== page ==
Multicultural Slovenia: where did the minorities go?

Article published on Oct. 29, 2012
Article published on Oct. 29, 2012
In Slovenia, day-to-day interactions are fragmented. Casting aside the singular identity does not always imply the creation of multiple, different identities, but rather the birth of a dual identity: the idea of you and I, rather than them. This duality is among one of the first things you learn about on arrival in Ljubljana

During its twenty-one years as an autonomous republic, Slovenia’s policy towards foreigners has neglected to integrate its various ethnic and cultural minorities. The nationalistic ideology that once served to strengthen the foundations of the state has paved the way for discrimination and fragmentation within the country. In the capital, several external voices are bringing forward-thinking ideas to the table to break down the barriers between ‘us’ and ‘them'.

Indigenous vs economic

‘They say that Slovene is a romantic language, because the word ‘love’ can be expressed in the dual form. It is one of only a few languages that have retained this feature,’ states the guide handed out to visitors in the city’s tourist information office. Over two decades after gaining independence from Yugoslavia on 25 June 1991, Slovenia has integrated into the western world: it joined the EU in 2004 and adopted the single currency in 2007, and now even hands out the same kind of bloated tourist paraphernalia found in other European cities.

‘There are still many communists in power. They are responsible for promoting multiculturalism in Slovenia,’ claims Zmago Jelinčič Plemeniti somewhat irritably. The leader of the extreme Slovenian nationalist party, Slovenska nacionalna stranka (SNS), sits at his headquarters. With a modest population of two million, numerous minority groups reside in the country: in 2011, Italians accounted for 0.11% of Slovenia’s population, while Serbs represented 2%. Therefore, it is surprising that only a select few minorities are protected under Slovenian legislation. ‘The Italians and Hungarians are recognised under the constitution as they are indigenous, whereas others - mainly the Serbs, Croats, Macedonians, Albanians and Montenegrins - are not. They came to Slovenia for economic reasons,’ says Jelinčič.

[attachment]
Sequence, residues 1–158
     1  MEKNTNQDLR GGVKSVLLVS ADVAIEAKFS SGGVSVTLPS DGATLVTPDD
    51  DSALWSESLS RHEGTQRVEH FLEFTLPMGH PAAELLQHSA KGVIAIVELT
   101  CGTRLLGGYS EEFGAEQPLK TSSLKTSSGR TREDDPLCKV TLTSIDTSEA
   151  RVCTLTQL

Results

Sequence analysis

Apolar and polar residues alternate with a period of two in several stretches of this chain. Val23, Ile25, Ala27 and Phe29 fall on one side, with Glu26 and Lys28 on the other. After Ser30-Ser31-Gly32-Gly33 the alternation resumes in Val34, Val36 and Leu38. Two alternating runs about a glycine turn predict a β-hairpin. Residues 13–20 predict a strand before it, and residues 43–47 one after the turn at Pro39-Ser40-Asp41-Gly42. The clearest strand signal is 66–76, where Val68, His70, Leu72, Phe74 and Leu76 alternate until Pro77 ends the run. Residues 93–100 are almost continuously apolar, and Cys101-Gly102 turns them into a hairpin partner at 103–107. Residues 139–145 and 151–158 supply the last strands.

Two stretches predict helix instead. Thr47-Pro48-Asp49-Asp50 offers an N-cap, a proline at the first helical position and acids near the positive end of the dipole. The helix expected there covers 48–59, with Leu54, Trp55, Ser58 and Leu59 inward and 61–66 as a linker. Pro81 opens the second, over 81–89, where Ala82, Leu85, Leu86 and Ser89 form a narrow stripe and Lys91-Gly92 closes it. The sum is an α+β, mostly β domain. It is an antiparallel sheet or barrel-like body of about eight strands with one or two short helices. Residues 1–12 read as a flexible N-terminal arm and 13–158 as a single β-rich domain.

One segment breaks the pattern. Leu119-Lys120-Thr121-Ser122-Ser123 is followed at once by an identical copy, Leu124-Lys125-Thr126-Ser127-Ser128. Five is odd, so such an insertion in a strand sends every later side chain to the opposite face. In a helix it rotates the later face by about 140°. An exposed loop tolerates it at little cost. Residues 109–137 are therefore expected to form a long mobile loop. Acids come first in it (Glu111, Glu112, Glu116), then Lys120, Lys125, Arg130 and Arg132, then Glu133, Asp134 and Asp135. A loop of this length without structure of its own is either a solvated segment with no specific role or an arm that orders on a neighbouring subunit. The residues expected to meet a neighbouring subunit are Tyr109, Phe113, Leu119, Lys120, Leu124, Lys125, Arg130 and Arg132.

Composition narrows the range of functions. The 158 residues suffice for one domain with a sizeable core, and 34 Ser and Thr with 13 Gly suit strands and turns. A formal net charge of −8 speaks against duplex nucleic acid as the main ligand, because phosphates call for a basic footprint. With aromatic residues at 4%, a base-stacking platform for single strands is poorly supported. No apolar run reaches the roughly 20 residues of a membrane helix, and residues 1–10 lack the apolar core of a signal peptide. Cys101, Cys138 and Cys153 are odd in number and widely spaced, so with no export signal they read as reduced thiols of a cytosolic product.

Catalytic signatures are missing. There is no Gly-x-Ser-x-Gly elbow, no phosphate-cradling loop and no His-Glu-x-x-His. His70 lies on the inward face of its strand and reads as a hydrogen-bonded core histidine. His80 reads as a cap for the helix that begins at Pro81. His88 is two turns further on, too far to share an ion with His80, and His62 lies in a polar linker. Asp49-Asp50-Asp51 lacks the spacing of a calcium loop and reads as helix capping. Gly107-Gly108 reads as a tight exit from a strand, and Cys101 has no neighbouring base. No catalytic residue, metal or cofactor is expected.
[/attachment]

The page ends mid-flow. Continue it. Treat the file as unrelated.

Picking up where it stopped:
Presidents and minorities

En route to the university of Ljubljana’s social sciences department, noise blares from two speakers placed on top of a car in the traffic. The traditional Slovenian music is accompanied by a thundering sermon; Borut, a young journalist, explains that these protesters are criticising the government of Danilo Türk in a bid to stir up nationalistic sentiments (the current president enjoys support from the left). Translating in between sips of his coffee, Borut appears to not think any more of it.

Danilo Türk currently polls favourably to resume his role in Slovenia’s presidential elections on 11 November. However, apart from a few impromptu gatherings with protestors using megaphones, one would not even notice that an election is imminent. ‘This type of demonstration is not common, the Slovenians are generally a reserved people,’ smiles Milan Brglez, an expert in international relations at the university of Ljubljana. He says that Slovenia has failed to grasp the concept of multiculturalism, but all is not lost. ‘In a way, our society is still distrustful of the unfamiliar. Even so, I do not get the impression that xenophobia is on the rise. Nationalism does exist, but only as a means of preserving a Slovenian national identity.’

After gaining independence, it was vital to nurture nationalistic ideology within the newly-created Slovenian state to allow the country to survive and develop. However, the creation of a national identity ended up creating the divide between ‘us’ (in this case, the Slovenians), and ‘them’ (the minorities). Matija, a presenter on the alternative broadcaster Radio Študent, gives several examples of this. ‘’Južnjaki’ means ‘southern’, although it is not pejorative,’ he explains. ‘‘Čefur’ is an insult that is used nowadays to describe those who were Yugoslavs from the southern states.’ Even the simple act of calling someone Bosnian is seen as an insult.